Being different

When I was a child I wasn’t aware or never attuned myself to my physical problems. I never honed in on the fact that those problems somehow made me different. I was aware that there were differences in my arms, legs and feet, but never understood what it all meant.

As children, we’re normally attuned to the differences, probably more than adults. If a child sees another child who is overweight that child will say something like “look mum that girl’s fat.” I’m not even sure what my peers saw or thought.

I see myself as being different because I have Cerebral Palsy. I was aware I had a problem.

The key points below should help those who are different to adjust:

  • Believe in yourself. Use your uniqueness to move around your life. Don’t let the fact that you are different hold you back. Being able to overcome adversity will not only inspire you to do more, but will inspire others seeing the difference in you;
  • Be positive. Always look for the positive in all situations;
  • Spend time thinking about and working through your challenges. No challenge is beyond our reach; we must learn how to deal with them;
  • Choose to have people around you who will support you unconditionally, whilst you work on your challenges.

I think as individuals we are all unique, but those who have a disability and are different are even more unique. It’s okay to be different. I think we should embrace and celebrate ‘being different.’

Being different has taught me about humility, it’s taught me how to reach out, it’s taught me about expression, it’s taught me about resilience and has taught me how to be a better person.

It’s also taught me about empathy, compassion, tolerance and about being kind.


20 Aug, 2010

10 thoughts on “Being different

  1. Good post. Very true, it is what happens in real life. It’s a good idea to be around people who support you without conditions. When people are positive in life, it’s so much easier and you can go forward with confidence and make great progress in your life.

  2. I was different in that the kids were afraid of me. They didn’t understand that all I had was an illness they were afraid I’d have a seizure or something so I went all through school without any real friends. Then when I started 7th grade I exploded weight wise. I had the biggest breasts in the school so I got picked on relentlessly. It was awful. But I dealt with it somehow.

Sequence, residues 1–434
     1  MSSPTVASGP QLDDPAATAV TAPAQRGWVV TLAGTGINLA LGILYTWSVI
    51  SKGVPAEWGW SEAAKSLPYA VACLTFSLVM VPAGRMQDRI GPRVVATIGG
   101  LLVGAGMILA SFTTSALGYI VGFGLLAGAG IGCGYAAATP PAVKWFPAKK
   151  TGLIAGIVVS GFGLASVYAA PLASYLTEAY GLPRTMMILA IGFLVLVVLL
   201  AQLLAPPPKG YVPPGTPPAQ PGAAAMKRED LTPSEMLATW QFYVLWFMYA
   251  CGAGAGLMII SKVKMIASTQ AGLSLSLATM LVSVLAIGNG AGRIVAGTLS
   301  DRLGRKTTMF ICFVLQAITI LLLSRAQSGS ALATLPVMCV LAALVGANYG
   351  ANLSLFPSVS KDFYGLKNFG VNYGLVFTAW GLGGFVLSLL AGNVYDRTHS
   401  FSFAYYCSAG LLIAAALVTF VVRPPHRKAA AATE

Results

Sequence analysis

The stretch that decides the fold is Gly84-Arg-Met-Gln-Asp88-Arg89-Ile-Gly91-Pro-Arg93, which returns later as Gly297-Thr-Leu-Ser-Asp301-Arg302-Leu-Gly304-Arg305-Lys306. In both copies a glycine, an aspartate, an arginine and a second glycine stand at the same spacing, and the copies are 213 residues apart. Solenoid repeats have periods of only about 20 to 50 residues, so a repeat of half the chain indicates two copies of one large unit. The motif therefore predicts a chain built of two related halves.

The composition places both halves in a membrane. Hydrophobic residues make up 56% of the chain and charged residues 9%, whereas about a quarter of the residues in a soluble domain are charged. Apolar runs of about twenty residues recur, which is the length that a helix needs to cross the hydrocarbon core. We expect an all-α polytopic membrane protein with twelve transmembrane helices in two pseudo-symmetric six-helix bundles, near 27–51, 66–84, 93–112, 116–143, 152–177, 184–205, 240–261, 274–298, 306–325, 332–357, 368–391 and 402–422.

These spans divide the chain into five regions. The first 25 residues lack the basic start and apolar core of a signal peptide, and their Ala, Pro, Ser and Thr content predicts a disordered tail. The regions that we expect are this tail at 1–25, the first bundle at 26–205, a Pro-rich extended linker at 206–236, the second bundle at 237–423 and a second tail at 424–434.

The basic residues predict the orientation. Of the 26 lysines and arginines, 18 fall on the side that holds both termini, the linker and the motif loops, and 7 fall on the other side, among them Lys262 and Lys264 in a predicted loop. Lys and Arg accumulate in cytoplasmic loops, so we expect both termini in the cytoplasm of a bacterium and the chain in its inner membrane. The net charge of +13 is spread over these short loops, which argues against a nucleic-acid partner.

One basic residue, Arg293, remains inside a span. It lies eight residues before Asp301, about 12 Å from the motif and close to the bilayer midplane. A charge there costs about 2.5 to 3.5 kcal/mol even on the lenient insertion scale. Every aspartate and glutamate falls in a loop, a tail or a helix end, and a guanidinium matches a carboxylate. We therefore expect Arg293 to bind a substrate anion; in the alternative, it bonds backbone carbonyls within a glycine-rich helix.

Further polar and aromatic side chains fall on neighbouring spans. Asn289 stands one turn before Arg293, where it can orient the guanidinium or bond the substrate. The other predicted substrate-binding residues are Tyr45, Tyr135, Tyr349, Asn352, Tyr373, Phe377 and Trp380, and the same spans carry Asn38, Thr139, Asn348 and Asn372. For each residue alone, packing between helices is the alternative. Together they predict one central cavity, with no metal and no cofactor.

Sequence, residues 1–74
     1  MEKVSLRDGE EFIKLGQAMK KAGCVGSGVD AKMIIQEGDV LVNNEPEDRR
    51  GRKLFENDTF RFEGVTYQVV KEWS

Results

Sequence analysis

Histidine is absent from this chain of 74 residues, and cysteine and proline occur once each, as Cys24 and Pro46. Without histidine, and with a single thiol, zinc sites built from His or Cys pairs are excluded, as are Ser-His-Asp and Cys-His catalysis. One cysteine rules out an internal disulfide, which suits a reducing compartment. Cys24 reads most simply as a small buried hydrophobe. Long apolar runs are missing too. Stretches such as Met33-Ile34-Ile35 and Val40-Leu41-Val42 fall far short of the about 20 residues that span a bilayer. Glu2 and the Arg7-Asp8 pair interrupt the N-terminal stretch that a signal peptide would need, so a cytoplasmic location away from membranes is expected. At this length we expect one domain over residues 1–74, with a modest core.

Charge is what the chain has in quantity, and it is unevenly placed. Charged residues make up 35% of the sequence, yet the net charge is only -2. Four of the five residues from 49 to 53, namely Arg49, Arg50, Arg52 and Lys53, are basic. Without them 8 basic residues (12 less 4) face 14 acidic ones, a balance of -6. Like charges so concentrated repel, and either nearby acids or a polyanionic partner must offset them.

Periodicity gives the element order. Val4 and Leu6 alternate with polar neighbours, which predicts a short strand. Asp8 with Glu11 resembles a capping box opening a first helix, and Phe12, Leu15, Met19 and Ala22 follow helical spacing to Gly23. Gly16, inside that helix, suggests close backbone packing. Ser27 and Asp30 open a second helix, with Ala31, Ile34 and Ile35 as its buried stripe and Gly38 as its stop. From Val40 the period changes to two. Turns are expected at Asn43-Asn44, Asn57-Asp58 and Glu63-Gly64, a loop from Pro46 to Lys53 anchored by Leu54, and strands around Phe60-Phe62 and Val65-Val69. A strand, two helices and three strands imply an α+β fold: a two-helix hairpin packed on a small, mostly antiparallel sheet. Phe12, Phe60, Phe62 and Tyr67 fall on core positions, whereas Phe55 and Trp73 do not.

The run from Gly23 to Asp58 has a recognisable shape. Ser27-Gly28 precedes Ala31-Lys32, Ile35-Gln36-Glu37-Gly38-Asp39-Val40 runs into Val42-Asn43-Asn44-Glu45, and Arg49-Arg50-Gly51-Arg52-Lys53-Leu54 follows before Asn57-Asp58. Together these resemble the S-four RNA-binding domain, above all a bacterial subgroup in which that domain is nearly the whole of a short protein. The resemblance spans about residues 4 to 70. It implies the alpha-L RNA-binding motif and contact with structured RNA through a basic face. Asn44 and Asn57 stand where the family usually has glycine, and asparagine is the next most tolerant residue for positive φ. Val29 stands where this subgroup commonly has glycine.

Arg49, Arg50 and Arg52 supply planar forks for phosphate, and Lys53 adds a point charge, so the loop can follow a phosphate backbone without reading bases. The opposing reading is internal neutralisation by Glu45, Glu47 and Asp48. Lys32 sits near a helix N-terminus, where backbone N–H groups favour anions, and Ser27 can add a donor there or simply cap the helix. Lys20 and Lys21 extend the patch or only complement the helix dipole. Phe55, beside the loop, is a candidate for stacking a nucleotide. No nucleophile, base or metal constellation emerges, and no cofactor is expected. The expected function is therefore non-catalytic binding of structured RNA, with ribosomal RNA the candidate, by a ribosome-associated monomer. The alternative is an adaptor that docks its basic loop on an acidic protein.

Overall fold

You have some very good points here Ilana and I agree with all of them especially the one about being positive. That’s a big thing in my book. I’ve always tried to be positive no matter what I’m doing. Great post Ilana.

    1. Thanks Lisa. A lot of the issues we continue to carry, tend to come from those who don’t let us forget. You knew you were different but with the right support you may have come through your problems a lot quicker without the taunts from school children.. but I believe as adults we can take back some form of control. Time to get back in the driving seat Lisa!

  3. Usually I don’t like being open about it, but this I will open up: I don’t just have CP, but I also have Asperger’s Syndrome — Mild Autism. I was diagnosed with both very young, so it was known when I went to elementary school that I was “different.”

    At the time I was too young to understand what was happening, so I only seemed to be aware of two things: 1) I had both conditions and 2) they couldn’t be good. I was in physical therapy a lot as a kid.

    I think this post is important to me if for no other reason than to tell me it’s okay to live with what I have. It’s okay to be different.

    1. David, I am pleased you have posted on this. It’s okay that you’re different. Perhaps it’s time to embrace all that you are.

  4. Being different is hard to deal with especially as a child. I was always taken out of class to do exercises with a trainer and it was always hard to be “normal” and have to deal with answering where you went and why.

    I used to resent having Cerebral Palsy a lot. But I know now I wouldn’t change a thing because I wouldn’t be me without those experiences both, the good and the bad.

  5. I just have one question. I mean, I don’t have a problem being different, but how do you NOT let that difference define you?

    1. Heather we’re all different in one way or another, but just getting on with your life as best you can without drawing yourself into ‘you being different’ will help you concentrate on other things.

      I don’t think about my cerebral palsy. I just think about what I have to do in my day. I don’t think about my CP.

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